For tons of news and notes from the meeting, our live blog covered the event in real time. Among the tidbits assembled from the media include Wilde's: "Premiere of Lombardi ESPN movie to be at Lambeau weekend before Super Bowl. Murphy says everyone then heads to SB to see Packers play in it." It should be noted that the movie will be premiered in 2012. Also of note is that the NFL's Red Zone channel will be shown in the stadium during breaks in the action.
The Packers tried out a player earlier this week. "Green Bay Blizzard linebacker Maurice Simpkins earned a tryout with the Packers on Wednesday," writes Kareem Copeland of the Press-Gazette. "Simpkins (6-foot-1, 236 pounds) was named first-team all-IFL defense last season after posting 126 tackles, five sacks and five interceptions. He returned two picks for touchdowns." The Blizzard are Green Bay's entrant into the Indoor Football League. Simpkins figures to be a long shot, and the Packers would have to cut a player in order to make room for him even if it did happen.
Players began to move into the dorms yesterday. "The college also rents out other student housing facilities for visiting college and high school football coaches and NFL officials who come to training camp," writes McLean Bennett of the Press-Gazette. If I'm correct, players aren't required to move in until today when they'll be going through physicals and testing.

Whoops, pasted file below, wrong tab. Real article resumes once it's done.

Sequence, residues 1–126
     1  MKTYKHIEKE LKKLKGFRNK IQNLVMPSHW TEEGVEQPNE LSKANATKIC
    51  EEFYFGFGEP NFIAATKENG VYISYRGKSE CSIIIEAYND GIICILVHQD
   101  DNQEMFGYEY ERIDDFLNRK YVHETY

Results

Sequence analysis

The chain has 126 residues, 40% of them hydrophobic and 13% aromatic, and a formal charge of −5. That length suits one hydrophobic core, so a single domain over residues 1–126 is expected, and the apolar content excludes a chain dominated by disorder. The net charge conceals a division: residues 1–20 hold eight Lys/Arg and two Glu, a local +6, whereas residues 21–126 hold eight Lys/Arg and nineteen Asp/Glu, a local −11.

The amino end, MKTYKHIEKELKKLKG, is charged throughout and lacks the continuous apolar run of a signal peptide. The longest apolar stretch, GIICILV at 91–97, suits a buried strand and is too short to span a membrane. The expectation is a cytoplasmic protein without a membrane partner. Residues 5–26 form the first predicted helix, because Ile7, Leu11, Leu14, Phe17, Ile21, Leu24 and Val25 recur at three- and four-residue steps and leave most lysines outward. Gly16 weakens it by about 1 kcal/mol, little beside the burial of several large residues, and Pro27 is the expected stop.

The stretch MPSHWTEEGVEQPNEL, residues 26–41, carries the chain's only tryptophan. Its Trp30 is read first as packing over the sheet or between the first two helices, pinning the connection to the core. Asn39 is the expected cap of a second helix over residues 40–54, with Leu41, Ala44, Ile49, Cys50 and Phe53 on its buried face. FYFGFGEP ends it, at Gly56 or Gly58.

An interesting interview with Bill Barnwell of Football Outsiders is provided by Acme Packing Company. Barnwell discussed yards after the catch. "I think it was just the sheer amount of explosive players in the lineup," said Barnwell. "Greg Jennings was tops in the league in YAC in 2007, then fell off to 4.2 YAC per catch (28th) in 2008, but was back in fifth with 6.8 YAC per catch in 2009. James Jones was seventh, at 6.1. The biggest difference, though, was Jermichael Finley (5.3 yards after catch, 18th amongst tight ends) replacing Donald Lee (2.8 yards after catch, 37th amongst tight ends in 2008). "
The cornerbacks are previewed by Pete Dougherty of the Press-Gazette.
Railbird endorsed video: Cameron Clark of WLUK-TV has more on the Titletown Development District ...